Mortgage lenders are now less willing to lend at high loan-to-value ratios, and affordability checks only allow lending at rates of repayment that consumers can afford in their household budgets with headroom to spare. Payday loans, doorstep lending and home-collected credit have all seen regulatory action, effectively removing these markets for sub-prime unsecured consumer lending altogether.
The Edinburgh Reforms could remove much of this regulation, allowing consumers to increase and putting a rocket under consumer spending – in the words of the Chancellor, to ‘turbocharge’ growth.
Mortgage lenders could be asked to revert back to evaluating only creditworthiness (whether or not the mortgage holder will repay), and not evaluating affordability (whether they can afford to repay and still feed their children and pay council tax). Loan-to-value ratios could be allowed to creep back upwards towards 100%.
Would re-regulation really ‘turbocharge’ consumer spending?
The premise of this regulatory reform agenda is that consumers would react to deregulation by taking up new opportunities to borrow. But household survey data indicate that over the past decade, the UK consumer’s appetite for debt-fuelled spending may have waned.
According to the Bank of England’s annual survey of household finances, over the last decade the proportion of consumers who state they have been put off spending due to lack of access to credit has actually fallen (see Figure 2).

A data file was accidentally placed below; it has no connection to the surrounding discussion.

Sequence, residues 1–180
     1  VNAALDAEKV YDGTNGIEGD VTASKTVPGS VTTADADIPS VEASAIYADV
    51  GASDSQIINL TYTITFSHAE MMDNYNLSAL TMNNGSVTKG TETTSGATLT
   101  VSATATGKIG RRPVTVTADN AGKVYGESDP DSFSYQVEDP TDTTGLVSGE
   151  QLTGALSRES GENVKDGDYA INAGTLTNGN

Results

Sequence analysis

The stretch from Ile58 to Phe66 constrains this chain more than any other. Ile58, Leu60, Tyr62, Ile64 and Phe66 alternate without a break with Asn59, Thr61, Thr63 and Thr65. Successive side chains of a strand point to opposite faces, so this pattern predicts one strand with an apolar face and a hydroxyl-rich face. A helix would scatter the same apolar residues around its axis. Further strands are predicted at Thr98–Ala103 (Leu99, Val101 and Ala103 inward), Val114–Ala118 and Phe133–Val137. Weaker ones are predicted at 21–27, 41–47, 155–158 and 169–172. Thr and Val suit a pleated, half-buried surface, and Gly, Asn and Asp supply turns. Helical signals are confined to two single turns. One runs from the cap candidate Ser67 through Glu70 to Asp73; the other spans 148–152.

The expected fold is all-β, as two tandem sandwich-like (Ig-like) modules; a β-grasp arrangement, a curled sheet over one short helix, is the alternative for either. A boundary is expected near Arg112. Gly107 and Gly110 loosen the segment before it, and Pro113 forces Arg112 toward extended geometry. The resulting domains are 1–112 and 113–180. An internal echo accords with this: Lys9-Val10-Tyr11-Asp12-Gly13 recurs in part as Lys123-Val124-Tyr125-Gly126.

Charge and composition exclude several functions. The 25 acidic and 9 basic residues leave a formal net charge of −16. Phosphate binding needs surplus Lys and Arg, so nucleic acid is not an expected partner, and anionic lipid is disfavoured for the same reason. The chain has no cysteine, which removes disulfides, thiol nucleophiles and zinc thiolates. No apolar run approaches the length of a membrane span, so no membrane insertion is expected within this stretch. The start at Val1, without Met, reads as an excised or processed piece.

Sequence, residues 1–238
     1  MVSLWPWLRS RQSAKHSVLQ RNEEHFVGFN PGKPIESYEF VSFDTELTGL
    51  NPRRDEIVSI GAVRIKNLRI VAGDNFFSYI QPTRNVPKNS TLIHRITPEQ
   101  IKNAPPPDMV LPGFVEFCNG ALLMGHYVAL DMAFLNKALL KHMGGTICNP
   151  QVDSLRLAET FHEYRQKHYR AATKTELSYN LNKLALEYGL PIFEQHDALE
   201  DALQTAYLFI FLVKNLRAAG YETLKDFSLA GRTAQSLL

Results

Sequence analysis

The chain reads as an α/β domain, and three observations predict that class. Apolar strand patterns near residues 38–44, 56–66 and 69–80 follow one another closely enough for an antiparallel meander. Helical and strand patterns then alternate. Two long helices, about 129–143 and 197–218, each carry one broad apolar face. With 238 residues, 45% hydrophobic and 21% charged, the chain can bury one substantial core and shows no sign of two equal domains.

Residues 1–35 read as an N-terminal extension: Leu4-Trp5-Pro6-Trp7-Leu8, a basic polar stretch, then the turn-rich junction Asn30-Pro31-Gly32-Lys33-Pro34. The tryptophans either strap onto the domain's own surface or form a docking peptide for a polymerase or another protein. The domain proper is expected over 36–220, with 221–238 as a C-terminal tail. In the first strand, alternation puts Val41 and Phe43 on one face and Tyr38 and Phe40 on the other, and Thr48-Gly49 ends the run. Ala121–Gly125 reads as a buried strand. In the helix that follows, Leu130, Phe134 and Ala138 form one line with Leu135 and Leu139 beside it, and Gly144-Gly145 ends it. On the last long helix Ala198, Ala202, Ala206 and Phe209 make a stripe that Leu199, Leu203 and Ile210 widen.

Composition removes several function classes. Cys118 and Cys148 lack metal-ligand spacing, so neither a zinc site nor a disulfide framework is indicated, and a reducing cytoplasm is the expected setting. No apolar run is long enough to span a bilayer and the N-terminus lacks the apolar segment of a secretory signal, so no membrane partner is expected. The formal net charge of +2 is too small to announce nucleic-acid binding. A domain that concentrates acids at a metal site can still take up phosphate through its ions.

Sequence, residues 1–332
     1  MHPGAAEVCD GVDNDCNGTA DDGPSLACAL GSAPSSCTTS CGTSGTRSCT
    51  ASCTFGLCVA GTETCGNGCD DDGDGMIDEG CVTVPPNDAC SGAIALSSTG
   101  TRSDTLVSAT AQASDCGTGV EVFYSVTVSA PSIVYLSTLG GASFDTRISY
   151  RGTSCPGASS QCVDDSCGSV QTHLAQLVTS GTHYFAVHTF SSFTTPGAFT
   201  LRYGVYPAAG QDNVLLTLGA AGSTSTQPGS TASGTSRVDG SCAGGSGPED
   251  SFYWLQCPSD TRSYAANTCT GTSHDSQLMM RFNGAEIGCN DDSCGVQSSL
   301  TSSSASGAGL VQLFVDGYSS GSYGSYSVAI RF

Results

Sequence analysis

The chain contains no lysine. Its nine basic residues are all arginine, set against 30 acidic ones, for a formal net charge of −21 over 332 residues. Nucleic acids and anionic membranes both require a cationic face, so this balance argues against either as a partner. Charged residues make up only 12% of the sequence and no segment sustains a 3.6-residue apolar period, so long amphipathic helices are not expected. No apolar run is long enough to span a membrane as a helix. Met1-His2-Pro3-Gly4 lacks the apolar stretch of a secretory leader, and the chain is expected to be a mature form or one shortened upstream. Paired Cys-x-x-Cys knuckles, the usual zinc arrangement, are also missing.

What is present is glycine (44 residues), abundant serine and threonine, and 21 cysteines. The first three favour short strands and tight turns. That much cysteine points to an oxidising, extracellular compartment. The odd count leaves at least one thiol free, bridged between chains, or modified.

Figure 2: Attitudes towards spending and credit
Source: Bank of England
Why has this happened? A somewhat bleak (but possibly the most accurate) interpretation of this lack of desire to borrow in order to spend is that UK consumers do not wish to borrow because they are less confident in their future incomes.
UK consumer confidence is at an all-time low. Today’s borrowing to finance consumer spending is tomorrow’s debt to repay, and if tomorrow doesn’t look so rosy due to high inflation, declining real wages, higher interest rates, weak productivity growth and declining international competitiveness, then consumers might take a more cautious approach.
The economic confidence of the 1990s and early 2000s in the promise of technology and globalisation to deliver a high-skilled, high-wage economy seem distant to consumers facing global inflation shocks and geopolitical turbulence.
Where does this leave the Edinburgh Reforms? In short, they are unlikely to create a renaissance for the great British consumer, leaving the FCA with the challenge of designing effective interventions that will promote growth.
We may see waves of rollback in lending regulations, and fintech innovations creating new forms of credit, only for UK consumers to shy away and continue saving for an uncertain future. Only when households see a brighter economic future with real wage growth and better long-term prospects for the economy are we likely to see a recovery in the growth of consumer spending.
Where can I find out more?
- Consumption in the time of Covid-19: Evidence from UK transaction data, CEPR Discuss Paper, by Paolo Surico Diego Känzig Sinem Hacioglu Hoke